Tasting wine in Maribor, Slovenia

Black and white photo of latticed iron gate behind which sits a wine cellar. Rows of niches on each side with layers of wine bottles stacked in each niche. Black mould hangs from the ceiling. Strips of fluorescent light cast a dull glow.

Standing at Kodžak, what residents call the National Liberation Monument in Maribor, I looked around. The castle was on my left and another building clothed in scaffolding stood on my right. I didn’t know it at the time, but I was looking at Kriehuber Palace. Built by nobleman Alozj Kriehuber in 1847, it looks unremarkable in its remarkableness. If you’re familiar with the architecture of this part of the world, it’s one of a litany of similarly impressive buildings that are often lost in their togetherness.

Two extensive three-story buildings joined together. The one on the left is covered in scaffoldingly and has 16 windows per floor. In the one on the right we can count 9. It has four umbrellas and seating outside. Streets are covered in a layer of hard snow.

It took nearly ten years to build – the building and the cellar he excavated underneath.

Post WWII, the wine cellar, Vinag 1847,  merged with an even older beer cellar next door, then owned by Union, one of the two biggest breweries in the country today. Together they’ve become the largest tunnel wine cellar in Central Europe.

When walking above ground, you’d never think you were walking over some 15,000 square metres of cellars that run in tunnels for more than 2 km. [A further 5,000 square metres was sold off for a car park.]

Wine cellar with massive wodden wine barrels lining both sides and leading towards an arch thorugh which light sines. Four lights hang from the ceiling and light the way.

Ably guided by the lovely Pia, we set out, with a young Korean/German couple, to explore the vastness and attempt in some small way to get our head around the numbers.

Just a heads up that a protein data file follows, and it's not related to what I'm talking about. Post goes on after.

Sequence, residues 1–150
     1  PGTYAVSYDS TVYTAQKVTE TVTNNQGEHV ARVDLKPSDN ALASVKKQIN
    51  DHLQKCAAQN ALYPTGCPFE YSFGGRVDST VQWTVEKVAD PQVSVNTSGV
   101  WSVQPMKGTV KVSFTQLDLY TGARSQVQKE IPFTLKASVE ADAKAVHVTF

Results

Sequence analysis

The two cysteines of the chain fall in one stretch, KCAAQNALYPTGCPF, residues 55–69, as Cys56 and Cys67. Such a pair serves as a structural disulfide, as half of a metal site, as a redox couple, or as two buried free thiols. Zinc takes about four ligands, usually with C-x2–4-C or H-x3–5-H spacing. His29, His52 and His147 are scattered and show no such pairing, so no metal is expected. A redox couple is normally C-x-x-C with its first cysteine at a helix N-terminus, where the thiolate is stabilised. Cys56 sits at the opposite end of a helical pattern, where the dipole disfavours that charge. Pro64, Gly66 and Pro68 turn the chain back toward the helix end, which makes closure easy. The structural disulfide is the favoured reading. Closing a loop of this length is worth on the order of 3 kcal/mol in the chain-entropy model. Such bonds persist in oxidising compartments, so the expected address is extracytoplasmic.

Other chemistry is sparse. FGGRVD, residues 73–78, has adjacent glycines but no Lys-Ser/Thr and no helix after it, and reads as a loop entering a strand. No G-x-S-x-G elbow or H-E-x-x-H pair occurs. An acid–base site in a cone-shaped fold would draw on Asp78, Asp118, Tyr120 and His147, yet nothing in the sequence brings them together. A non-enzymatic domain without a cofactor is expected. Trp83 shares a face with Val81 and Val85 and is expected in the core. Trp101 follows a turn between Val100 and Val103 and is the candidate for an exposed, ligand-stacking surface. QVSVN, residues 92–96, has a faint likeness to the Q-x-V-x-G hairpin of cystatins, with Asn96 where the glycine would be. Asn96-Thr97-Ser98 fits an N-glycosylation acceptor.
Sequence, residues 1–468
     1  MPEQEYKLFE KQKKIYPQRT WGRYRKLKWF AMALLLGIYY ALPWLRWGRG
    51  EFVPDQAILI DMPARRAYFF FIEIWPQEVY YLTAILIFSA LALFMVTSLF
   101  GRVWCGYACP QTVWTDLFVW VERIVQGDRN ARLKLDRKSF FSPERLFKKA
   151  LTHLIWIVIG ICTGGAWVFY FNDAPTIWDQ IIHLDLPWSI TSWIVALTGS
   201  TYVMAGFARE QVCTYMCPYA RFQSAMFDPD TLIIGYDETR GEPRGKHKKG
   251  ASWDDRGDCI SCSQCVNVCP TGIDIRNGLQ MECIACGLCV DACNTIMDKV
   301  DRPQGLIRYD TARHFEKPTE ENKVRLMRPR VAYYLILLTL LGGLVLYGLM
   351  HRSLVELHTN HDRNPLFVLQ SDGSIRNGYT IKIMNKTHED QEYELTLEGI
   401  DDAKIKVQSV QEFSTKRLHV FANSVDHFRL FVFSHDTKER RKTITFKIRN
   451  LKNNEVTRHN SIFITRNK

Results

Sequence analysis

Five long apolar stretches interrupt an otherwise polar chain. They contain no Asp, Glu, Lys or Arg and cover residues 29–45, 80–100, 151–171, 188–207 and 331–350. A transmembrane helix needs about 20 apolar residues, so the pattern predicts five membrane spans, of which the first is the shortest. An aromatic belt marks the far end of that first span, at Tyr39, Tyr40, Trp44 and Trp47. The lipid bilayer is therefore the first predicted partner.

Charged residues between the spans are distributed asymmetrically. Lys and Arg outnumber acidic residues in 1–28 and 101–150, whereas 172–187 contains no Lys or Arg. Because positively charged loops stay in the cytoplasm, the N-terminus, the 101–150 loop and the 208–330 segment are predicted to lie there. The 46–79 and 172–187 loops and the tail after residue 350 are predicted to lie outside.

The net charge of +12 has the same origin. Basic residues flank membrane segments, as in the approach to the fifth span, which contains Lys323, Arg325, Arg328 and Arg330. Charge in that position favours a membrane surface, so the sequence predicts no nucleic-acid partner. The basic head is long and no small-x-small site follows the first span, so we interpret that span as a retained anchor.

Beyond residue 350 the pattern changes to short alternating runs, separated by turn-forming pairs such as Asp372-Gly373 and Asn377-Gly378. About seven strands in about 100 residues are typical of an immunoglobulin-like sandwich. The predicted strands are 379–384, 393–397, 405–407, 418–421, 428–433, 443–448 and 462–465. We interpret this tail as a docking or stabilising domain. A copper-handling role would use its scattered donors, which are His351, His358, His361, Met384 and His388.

We descended the 23 steps into the cellar. There’s a significance to this – as the legend goes, a winemaker makes 23 visits to a vineyard before the grapes are turned into wine. Who knew?

In its day, when Vinag 1847 stored 5.5 million litres of wine. (For those of you across the pond, that’s almost 1.5 million gallons.) In anyone’s language, it’s a lot of wine. The numbers speak for themselves.

Tunnel in a wine cellar lined with wooden wine barrels. Seven lights hang from the ceiling lighting the way to a concrete wall at the end.

WAll covered in black mould with the numbers 167000 and 30 stencilled in white

The wooden barrels vary in size. The large ones are oval-shaped, taking up less space and making them easier to clean. They’re so big, they were built in place, assembled by numbers. The biggest use 10 cubic metres of wood and are 4 m long.

Section of a wooden wine barrel showing numbers etched into each section of the rim

The concrete ‘barrels’ have ceramic inlays and can hold up to 30,000 litres.

Aged, round steel door to a concete wine cellar with a plaque on front reading P 1909 R

Arched interior of a concrete wine barrel tiled in black ceramic tiles on the walls and grey tiles on the floor - some tiles have fallen off.

We were 6-10 m underground in places with temperatures hovering about 14-15 degrees C. Black mould covers the walls – the good mould – the mould that wine likes. This was good news for us as we have the same black mould growing in our cellar. I can sleep easy now knowing it’s the wine-loving not human-hating stuff.